Faze Clan may counter that the restraints in the contract meet one of the exemptions to section 16600.  For example, one exception to Section 16600’s prohibition on restraining an employee’s ability to work is if the restraint is narrowly drafted.  Restraints on the pursuit of “only a small or limited part of the business, trade or profession” have been upheld by California courts.  However, as the court in General Commercial Packaging, Inc. v. TPS Package Engineering, Inc. explained, “[A] contract does not have to impair a party’s access to every potential customer to contravene section 16600…. [A] contract can effectively destroy a signatory’s ability to conduct a trade or business by placing a substantial segment of the market off limits.”  General Commercial Packaging, Inc. v. TPS Package Engineering, Inc., 126 F.3d 1131, 1132–33 (9th Cir.1997).

There is also a strong public policy against enforcing agreements that restrict an employee’s ability to work in the profession they chose.  California Courts have noted, “the interests of the employee in his own mobility and betterment are deemed paramount to the competitive business interest of the employers ….”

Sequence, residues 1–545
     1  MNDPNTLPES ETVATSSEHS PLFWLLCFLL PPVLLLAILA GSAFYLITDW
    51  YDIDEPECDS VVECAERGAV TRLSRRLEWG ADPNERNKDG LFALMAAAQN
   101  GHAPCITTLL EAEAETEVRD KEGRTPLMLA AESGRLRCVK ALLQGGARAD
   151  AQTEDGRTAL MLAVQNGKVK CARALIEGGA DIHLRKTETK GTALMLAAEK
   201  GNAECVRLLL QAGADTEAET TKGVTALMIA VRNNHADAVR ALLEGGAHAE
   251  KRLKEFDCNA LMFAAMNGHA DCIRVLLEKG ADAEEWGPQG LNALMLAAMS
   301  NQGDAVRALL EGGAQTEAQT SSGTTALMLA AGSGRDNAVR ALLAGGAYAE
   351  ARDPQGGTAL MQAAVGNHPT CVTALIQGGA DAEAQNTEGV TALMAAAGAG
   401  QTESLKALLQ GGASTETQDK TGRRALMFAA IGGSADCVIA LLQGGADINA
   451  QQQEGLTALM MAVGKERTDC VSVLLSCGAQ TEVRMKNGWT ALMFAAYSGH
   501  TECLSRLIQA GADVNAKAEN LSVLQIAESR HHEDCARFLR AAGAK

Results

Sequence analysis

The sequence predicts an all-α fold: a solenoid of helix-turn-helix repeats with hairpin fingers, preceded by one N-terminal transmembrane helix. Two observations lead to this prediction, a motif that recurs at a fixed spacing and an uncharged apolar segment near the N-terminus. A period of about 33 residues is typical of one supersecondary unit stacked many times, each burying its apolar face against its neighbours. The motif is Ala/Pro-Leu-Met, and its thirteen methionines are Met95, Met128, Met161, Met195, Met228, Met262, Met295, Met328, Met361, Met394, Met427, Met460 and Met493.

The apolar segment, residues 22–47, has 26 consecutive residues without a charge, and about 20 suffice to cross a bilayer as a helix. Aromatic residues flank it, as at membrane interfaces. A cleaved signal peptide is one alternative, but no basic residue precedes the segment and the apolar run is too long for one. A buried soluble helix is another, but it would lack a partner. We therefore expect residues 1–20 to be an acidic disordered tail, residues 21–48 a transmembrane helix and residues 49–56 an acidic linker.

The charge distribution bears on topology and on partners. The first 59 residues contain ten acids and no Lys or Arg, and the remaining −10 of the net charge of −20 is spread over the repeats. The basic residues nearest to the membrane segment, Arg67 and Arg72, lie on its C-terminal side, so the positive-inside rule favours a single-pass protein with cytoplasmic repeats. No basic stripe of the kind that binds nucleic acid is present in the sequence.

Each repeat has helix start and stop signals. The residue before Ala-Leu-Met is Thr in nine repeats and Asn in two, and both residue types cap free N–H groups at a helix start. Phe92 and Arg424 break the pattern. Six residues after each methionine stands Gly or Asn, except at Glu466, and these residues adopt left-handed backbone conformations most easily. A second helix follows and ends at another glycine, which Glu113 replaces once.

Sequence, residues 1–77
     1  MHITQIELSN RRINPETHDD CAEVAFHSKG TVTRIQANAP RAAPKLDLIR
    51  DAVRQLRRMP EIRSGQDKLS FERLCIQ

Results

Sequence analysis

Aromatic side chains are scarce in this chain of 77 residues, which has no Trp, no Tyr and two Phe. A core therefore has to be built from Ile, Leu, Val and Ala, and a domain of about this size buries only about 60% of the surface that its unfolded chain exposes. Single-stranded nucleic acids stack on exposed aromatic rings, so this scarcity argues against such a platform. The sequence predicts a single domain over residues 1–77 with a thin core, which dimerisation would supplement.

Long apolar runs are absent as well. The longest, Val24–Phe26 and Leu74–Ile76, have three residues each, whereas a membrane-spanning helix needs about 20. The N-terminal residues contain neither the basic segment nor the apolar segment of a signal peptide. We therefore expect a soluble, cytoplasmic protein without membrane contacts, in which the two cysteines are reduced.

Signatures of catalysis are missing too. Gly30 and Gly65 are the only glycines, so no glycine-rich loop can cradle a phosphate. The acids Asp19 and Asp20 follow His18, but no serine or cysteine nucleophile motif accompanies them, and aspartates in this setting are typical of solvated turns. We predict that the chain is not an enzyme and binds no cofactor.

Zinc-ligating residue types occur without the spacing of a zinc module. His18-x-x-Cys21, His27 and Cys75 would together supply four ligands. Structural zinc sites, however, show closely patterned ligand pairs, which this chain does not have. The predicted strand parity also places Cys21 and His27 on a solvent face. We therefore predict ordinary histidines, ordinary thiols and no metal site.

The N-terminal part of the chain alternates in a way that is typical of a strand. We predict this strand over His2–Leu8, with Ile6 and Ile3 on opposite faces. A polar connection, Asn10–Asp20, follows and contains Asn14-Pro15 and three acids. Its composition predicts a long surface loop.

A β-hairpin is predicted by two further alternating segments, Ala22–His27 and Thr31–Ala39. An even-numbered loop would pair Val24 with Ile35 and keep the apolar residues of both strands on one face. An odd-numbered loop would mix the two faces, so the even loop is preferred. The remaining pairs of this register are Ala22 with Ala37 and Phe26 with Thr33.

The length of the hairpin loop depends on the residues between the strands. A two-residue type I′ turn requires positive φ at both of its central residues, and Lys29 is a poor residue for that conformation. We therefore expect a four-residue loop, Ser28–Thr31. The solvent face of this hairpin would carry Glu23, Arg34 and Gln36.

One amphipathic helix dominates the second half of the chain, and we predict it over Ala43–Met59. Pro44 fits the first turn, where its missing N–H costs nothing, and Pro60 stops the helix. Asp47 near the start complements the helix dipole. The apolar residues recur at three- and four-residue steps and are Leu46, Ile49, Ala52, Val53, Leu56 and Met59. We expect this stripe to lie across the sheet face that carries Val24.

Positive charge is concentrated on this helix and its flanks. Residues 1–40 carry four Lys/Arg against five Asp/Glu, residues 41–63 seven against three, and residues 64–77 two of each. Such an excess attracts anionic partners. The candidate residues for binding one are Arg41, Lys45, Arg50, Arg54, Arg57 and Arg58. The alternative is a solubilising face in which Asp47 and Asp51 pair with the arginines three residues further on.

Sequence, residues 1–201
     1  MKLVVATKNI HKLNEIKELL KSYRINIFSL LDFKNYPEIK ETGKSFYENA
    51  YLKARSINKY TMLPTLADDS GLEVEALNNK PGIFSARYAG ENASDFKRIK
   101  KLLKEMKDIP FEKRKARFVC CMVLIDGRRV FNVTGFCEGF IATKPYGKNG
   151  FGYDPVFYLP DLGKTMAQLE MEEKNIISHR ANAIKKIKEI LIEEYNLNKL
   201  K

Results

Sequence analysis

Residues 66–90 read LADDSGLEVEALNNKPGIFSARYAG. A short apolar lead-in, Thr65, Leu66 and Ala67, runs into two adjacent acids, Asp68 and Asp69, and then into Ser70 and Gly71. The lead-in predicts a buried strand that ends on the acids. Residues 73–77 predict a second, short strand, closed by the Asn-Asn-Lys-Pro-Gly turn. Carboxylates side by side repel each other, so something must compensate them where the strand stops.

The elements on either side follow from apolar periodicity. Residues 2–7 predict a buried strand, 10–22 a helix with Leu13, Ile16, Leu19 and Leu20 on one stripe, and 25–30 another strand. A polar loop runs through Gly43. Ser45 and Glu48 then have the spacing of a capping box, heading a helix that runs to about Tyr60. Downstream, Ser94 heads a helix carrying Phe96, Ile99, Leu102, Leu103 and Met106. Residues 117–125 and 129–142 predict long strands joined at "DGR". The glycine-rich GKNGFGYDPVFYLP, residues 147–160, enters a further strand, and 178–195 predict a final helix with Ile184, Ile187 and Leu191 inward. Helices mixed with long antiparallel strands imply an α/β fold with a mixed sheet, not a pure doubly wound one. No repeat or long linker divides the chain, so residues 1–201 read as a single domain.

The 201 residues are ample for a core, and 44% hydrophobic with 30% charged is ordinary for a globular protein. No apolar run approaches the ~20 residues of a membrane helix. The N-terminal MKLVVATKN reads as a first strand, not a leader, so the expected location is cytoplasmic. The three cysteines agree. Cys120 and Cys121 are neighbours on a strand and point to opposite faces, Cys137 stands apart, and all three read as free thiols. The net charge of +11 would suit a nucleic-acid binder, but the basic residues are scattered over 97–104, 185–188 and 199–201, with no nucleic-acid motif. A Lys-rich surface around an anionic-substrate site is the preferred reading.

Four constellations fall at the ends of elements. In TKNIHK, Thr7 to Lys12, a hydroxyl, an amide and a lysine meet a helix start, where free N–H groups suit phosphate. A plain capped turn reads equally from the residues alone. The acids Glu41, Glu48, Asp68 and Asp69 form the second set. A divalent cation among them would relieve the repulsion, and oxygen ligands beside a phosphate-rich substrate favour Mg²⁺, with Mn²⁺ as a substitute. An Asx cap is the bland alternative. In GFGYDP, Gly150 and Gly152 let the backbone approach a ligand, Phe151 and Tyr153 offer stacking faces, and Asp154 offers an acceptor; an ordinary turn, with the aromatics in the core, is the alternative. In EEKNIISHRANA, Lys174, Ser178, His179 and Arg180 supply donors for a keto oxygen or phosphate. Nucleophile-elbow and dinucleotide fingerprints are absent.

4. Are gamers employees, independent contractors, artists, or equivalent to an athlete on a team?

With esports being so new, there are still a lot of open questions about how gamers should be classified.  However, given that the industry is so diverse, there could be an argument made that there cannot be one paradigm that covers all gamers.  This is not like the NFL or NBA, nor is it like the traditional entertainment industry either.  As set forth above, any determination on this issue could have huge impacts beyond gamers, and it could change how gaming companies who develop the software operate as well.

5. Another potential issue: Who owns the gamer’s name and social media accounts?

It does not appear to be an issue in the litigation filed by Tfue, but another potential issue surrounding gamers is who owns their on-line gamer names, social media accounts, and identities?  For example, in 2012, a case arose involving a dispute between an employer and an employee over who owned a Twitter handle.  In PhoneDog v. Kravitz, the employer filed a lawsuit against the former employee to recover the use of the Twitter handle and brought causes of action for (1) misappropriation of trade secrets, (2) intentional interference with prospective economic advantage, (3) negligent interference with prospective economic advantage, and (4) conversion.  While Tfue’s case does not apparently involve this issue, the value of these accounts will likely be an issue in future litigation.  Given the level of views and followers on these accounts, and potential for revenue streams from these types of accounts, the issue of who owns the account, should a dispute arise, is a critical issue that should be addressed between the gamer and the esports organizations.  More information about the PhoneDog v. Kravitz case can be read here.